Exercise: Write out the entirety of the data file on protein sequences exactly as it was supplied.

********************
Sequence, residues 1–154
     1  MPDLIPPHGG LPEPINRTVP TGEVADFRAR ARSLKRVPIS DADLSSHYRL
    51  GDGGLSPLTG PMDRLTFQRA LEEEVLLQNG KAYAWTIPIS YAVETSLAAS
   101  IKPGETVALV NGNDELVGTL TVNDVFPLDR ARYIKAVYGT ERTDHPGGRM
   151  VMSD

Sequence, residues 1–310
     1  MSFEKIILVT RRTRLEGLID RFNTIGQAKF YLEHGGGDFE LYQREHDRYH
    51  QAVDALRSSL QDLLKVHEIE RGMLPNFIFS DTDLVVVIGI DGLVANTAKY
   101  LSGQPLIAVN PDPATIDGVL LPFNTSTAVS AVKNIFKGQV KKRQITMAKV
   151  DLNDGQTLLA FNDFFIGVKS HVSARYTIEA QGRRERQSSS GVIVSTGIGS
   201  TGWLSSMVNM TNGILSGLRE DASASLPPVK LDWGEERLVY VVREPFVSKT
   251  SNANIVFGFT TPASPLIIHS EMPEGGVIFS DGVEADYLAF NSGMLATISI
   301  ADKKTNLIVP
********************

Sequence, residues 1–154
     1  MPDLIPPHGG LPEPINRTVP TGEVADFRAR ARSLKRVPIS DADLSSHYRL
    51  GDGGLSPLTG PMDRLTFQRA LEEEVLLQNG KAYAWTIPIS YAVETSLAAS
   101  IKPGETVALV NGNDELVGTL TVNDVFPLDR ARYIKAVYGT ERTDHPGGRM
   151  VMSD

Sequence, residues 1–310
     1  MSFEKIILVT RRTRLEGLID RFNTIGQAKF YLEHGGGDFE LYQREHDRYH
    51  QAVDALRSSL QDLLKVHEIE RGMLPNFIFS DTDLVVVIGI DGLVANTAKY
   101  LSGQPLIAVN PDPATIDGVL LPFNTSTAVS AVKNIFKGQV KKRQITMAKV
   151  DLNDGQTLLA FNDFFIGVKS HVSARYTIEA QGRRERQSSS GVIVSTGIGS
   201  TGWLSSMVNM TNGILSGLRE DASASLPPVK LDWGEERLVY VVREPFVSKT
   251  SNANIVFGFT TPASPLIIHS EMPEGGVIFS DGVEADYLAF NSGMLATISI
   301  ADKKTNLIVP